Would Colonel Qaddafi have given up that nuclear weapons program if he had known what was to come? Would the United States and Europe have used force against a nuclear-armed country? Not likely. And therein lies the rub with North Korea. Mr. Kim and his father built a nuclear arsenal for the very purpose of ensuring the security of their state against the kind of intervention that happened in Libya, which is why North Korea has insisted the United States promise not to invade as part of any deal.
“I heard directly from the Chinese that the Libyan model did not inspire confidence in Pyongyang,” said Antony J. Blinken, a deputy secretary of state under Mr. Obama. “I would be very concerned that the combination of Libya and then Trump tearing up the Iran agreement sends exactly the wrong message to Kim Jong-un and undermines whatever hope exists for negotiations.”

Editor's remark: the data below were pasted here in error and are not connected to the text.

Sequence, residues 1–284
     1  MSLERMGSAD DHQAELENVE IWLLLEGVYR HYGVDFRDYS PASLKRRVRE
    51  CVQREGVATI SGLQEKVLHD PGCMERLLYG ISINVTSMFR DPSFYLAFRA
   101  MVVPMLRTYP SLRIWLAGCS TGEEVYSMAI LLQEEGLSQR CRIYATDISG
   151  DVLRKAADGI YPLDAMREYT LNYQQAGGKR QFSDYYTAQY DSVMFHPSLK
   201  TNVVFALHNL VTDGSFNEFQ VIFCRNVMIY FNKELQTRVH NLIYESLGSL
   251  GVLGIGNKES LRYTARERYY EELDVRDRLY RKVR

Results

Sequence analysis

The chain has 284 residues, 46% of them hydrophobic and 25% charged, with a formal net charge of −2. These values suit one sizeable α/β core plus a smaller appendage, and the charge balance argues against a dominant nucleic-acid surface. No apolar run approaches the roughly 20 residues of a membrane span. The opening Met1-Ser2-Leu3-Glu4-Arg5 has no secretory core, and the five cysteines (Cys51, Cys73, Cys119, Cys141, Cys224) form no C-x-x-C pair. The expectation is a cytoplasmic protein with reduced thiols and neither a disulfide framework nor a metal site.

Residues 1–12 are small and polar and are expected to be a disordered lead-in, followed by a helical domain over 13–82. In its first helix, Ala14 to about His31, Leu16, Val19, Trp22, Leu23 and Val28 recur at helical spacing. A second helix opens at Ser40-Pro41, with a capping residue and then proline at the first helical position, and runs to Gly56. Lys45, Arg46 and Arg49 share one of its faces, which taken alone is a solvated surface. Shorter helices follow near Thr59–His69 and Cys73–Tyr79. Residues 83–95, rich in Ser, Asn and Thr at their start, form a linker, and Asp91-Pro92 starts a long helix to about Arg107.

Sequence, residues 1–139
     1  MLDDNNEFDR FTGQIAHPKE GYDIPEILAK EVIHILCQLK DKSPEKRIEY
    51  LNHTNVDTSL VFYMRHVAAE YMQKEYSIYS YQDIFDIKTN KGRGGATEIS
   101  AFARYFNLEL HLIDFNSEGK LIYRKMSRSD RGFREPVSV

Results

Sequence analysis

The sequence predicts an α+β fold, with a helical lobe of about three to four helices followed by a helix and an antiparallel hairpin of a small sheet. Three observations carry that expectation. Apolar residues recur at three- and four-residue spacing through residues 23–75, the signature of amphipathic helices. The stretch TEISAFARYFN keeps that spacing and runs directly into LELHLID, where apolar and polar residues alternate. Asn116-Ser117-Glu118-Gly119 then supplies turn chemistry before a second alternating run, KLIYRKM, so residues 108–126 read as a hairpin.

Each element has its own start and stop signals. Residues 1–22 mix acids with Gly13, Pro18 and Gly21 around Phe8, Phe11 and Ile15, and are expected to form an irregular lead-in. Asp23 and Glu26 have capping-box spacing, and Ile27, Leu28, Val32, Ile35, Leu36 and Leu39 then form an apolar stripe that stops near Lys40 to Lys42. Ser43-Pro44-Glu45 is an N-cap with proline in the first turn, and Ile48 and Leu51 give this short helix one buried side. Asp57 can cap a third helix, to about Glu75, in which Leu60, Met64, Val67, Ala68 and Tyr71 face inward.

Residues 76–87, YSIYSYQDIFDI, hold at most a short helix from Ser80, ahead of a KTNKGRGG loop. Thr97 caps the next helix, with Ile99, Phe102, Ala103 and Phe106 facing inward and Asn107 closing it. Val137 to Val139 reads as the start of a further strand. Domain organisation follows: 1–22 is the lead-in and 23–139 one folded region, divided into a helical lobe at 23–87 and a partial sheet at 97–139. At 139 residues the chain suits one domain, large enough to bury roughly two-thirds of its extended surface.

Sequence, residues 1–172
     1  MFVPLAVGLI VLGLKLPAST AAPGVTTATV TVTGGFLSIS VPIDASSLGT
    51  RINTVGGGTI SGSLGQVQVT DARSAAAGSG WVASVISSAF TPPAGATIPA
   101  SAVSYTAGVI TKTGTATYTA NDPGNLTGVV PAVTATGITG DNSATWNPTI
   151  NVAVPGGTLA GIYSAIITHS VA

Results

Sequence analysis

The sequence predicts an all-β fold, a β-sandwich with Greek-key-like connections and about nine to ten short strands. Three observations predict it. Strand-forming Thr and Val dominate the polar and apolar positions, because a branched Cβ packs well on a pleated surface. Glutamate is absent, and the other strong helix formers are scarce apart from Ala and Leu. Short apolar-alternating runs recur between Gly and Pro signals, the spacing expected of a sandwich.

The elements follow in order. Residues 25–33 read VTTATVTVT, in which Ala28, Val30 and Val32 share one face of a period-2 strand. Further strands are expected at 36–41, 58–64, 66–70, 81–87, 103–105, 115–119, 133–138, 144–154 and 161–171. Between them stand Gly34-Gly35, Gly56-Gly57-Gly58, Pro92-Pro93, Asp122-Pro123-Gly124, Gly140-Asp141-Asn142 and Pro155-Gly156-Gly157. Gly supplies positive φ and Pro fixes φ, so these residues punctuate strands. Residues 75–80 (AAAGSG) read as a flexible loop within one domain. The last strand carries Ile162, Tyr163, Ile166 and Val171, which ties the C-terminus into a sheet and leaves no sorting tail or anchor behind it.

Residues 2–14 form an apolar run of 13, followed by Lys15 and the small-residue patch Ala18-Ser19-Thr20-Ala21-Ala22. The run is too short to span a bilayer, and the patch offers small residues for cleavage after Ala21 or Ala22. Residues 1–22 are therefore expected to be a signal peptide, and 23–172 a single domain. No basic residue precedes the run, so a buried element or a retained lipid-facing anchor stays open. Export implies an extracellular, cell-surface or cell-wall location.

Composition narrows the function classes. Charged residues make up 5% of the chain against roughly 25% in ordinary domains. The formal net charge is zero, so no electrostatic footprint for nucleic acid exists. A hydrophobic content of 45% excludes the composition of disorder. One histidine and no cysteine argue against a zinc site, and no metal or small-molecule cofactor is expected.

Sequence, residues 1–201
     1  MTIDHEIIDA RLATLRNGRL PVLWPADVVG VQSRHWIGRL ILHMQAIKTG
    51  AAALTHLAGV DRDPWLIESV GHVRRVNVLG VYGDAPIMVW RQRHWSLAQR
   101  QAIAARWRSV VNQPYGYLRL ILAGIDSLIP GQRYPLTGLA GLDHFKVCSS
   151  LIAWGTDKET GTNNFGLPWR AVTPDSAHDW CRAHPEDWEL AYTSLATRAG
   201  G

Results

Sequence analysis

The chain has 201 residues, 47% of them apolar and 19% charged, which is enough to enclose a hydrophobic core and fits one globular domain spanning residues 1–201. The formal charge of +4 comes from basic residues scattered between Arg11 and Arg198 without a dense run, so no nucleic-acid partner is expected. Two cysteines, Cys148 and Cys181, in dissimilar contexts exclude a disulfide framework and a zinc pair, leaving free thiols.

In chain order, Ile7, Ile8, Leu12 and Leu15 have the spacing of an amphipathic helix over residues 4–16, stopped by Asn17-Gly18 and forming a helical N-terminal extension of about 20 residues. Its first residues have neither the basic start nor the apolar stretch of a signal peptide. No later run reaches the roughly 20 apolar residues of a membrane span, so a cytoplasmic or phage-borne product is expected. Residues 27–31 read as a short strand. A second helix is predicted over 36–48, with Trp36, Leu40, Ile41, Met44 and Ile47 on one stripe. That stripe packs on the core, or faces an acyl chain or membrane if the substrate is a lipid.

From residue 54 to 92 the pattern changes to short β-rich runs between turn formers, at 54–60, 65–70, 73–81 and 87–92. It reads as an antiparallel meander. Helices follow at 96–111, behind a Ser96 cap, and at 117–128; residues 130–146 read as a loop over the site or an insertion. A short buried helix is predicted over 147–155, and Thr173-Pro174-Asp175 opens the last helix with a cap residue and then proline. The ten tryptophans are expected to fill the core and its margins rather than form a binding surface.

Mr. Bolton raised the Libya example in weekend interviews on “Face the Nation” on CBS and “Fox News Sunday,” his first television appearances since becoming national security adviser early this month.
“We have very much in mind the Libya model from 2003, 2004,” he said on Fox. “There are obviously differences. The Libyan program was much smaller, but that was basically the agreement that we made.”